PARIS -- In a sometimes frantic final that stretched to 44 games, the first game of the fourth set may well have been the deal breaker for Roger Federer.
With Federer ebbing and flowing -- good and bad -- for games at a time, he had just found his best rhythm of the match. Rafael Nadal, up two sets and 4-2, had fallen off the torrid pace he had been keeping, and Federer rallied to win five of six games, breaking Nadal twice.
"You're not thinking of winning the match, but you're thinking of coming back and turning around the match," Federer said. "All of a sudden, at 0-0 in the fourth set you think, 'OK we have a match again.'"
If you've watched Nadal's matches, you know he often loses the first point of his service games; it's almost as if he's trying to dig a hole for himself as a way of extracting total concentration. With the match very much in play, though, Nadal contrived to lose the first three points. A sweet stab volley by Federer and a tentative forehand into the net left Rafa staring at love-40.
A break by Federer here? Considering the emotion he was feeling and the momentum Federer was building, it might have changed the match.
"He has to go a long way to beat you again, and momentum is on my side," Federer said. "All of a sudden, we know what can happen in tennis. All of a sudden it almost looked like he was going to miss the beginning of the fourth set and I could maybe run away with that."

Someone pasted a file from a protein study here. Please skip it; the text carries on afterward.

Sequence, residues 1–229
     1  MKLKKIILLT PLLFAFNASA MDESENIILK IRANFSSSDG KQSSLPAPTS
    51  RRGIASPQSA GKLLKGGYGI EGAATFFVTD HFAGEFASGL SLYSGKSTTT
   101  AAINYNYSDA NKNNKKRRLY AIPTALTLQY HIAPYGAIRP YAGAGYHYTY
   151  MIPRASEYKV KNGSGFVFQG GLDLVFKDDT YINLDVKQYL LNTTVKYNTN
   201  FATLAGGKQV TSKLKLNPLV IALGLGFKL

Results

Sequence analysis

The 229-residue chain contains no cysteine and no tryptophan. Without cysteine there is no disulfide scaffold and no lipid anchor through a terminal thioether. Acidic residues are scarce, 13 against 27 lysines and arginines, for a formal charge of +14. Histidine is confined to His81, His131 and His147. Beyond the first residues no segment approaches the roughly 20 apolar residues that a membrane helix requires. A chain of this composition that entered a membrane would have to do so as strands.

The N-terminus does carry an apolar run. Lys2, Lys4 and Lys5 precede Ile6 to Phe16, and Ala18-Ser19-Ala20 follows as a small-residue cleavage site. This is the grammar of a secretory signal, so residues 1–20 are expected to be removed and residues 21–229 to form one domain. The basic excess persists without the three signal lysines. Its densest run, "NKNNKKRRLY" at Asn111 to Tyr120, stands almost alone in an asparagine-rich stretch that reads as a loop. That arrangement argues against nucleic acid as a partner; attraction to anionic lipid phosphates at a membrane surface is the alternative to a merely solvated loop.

But Rafa, glaring all the time, won the next two points and the third, too, with a smoking 120-mph serve down the middle. Three break points saved -- Nadal saved 10-of -5 for the match. A big serve led to game point.
Nadal sent a huge forehand to Federer's increasingly unreliable backhand, which led to a frustrated and futile mishit.
"[If there was a] fifth set," Federer said, wistfully. "I would have felt very, very strong like I did back in Miami when I beat him from being down two sets to love. So I knew I had it in me. It was unfortunate I couldn't make it more competitive in the fourth set."
Five straight points. A gritty hold. And Nadal went on to win five of the next six games.
That's why he's a six-time champion at Roland Garros and the reason he'll likely add to that total.
Greg Garber is a senior writer for ESPN.com.